An era without effective antimicrobial therapeutics is rapidly approaching, with documented cases of extensively drug resistant pathogens like Mycobacterium tuberculosis, and emphasises the urgency for developing alternatives to those therapeutics that are currently available. Targeted therapeutics provide a means of improved drug efficacy and reducing host toxicity that may result from higher doses and non-specific binding. The community of commensal microorganisms that live on and in humans, i.e., the microbiota, is also often disrupted by the use of current antimicrobial therapies through non-specific binding. There is growing evidence that supports the importance of this natural flora in development, as well as mental and physical health. Disruption of the community by antimicrobials can result in the development of infections by opportunistic pathogens, such as Clostridium difficile.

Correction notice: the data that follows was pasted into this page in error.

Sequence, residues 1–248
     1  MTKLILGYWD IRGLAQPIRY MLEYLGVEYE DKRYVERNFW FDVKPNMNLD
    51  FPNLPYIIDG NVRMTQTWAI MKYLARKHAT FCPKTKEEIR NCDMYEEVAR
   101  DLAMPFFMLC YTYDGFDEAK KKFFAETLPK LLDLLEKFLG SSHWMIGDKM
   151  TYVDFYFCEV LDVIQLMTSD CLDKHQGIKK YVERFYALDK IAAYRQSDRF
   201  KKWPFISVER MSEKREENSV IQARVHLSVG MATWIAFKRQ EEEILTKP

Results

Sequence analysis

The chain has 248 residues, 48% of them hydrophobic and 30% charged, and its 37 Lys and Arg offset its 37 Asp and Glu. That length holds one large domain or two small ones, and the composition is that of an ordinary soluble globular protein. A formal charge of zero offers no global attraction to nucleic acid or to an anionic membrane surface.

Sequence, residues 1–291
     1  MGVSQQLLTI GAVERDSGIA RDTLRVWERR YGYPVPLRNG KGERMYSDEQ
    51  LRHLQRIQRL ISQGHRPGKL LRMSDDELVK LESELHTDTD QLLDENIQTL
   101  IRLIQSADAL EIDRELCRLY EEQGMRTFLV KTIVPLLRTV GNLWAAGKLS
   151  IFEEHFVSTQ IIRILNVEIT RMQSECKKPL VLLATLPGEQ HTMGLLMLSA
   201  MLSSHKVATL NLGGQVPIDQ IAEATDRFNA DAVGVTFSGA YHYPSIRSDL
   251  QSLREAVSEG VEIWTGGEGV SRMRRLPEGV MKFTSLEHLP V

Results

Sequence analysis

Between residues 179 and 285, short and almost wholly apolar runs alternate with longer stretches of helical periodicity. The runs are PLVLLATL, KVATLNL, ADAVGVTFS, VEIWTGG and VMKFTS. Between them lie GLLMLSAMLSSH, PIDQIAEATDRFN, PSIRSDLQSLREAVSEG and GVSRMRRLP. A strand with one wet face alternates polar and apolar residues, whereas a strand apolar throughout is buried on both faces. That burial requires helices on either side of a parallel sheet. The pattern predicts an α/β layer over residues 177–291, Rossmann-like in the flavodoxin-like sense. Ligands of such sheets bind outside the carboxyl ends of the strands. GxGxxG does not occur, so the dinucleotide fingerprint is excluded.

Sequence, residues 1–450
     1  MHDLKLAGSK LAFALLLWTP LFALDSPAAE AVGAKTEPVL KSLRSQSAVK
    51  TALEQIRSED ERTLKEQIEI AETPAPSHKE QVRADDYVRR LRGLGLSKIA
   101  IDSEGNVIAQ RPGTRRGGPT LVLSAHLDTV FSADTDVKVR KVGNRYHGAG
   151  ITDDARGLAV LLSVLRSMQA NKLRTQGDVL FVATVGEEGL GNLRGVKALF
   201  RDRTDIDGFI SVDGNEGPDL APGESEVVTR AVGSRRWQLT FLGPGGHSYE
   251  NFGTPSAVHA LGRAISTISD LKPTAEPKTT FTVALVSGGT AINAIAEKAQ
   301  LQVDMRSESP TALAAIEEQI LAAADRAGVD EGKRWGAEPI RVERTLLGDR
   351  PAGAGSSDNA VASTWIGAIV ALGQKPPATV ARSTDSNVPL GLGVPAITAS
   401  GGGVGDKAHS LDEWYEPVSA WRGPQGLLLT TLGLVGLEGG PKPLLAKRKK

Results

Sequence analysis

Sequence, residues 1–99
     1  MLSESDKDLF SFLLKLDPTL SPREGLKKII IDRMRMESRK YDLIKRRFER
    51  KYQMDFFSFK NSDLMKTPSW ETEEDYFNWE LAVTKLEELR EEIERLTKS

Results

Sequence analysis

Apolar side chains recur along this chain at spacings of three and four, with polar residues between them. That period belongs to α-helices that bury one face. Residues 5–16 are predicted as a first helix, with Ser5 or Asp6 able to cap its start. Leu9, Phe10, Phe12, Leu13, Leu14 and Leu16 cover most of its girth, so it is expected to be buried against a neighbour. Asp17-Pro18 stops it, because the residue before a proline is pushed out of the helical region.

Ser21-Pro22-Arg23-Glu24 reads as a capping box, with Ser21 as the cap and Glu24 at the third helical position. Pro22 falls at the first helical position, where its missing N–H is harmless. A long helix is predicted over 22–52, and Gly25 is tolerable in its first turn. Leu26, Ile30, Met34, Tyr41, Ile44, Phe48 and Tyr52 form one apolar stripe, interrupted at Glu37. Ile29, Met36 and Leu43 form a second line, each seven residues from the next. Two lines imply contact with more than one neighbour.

New antimicrobial concepts with fewer complications are urgently needed. One of the new strategies to eradicate pathogenic microorganisms is antimicrobial photodynamic therapy (PDT). One of the challenges for antimicrobial PDT to be of clinical use is an access to an effective delivery system for a photosensitizer drug. In our research we aim to test the applicability of both carbohydrate recognition pehomenon and nanoparticles as a possible solution for the delivery problem.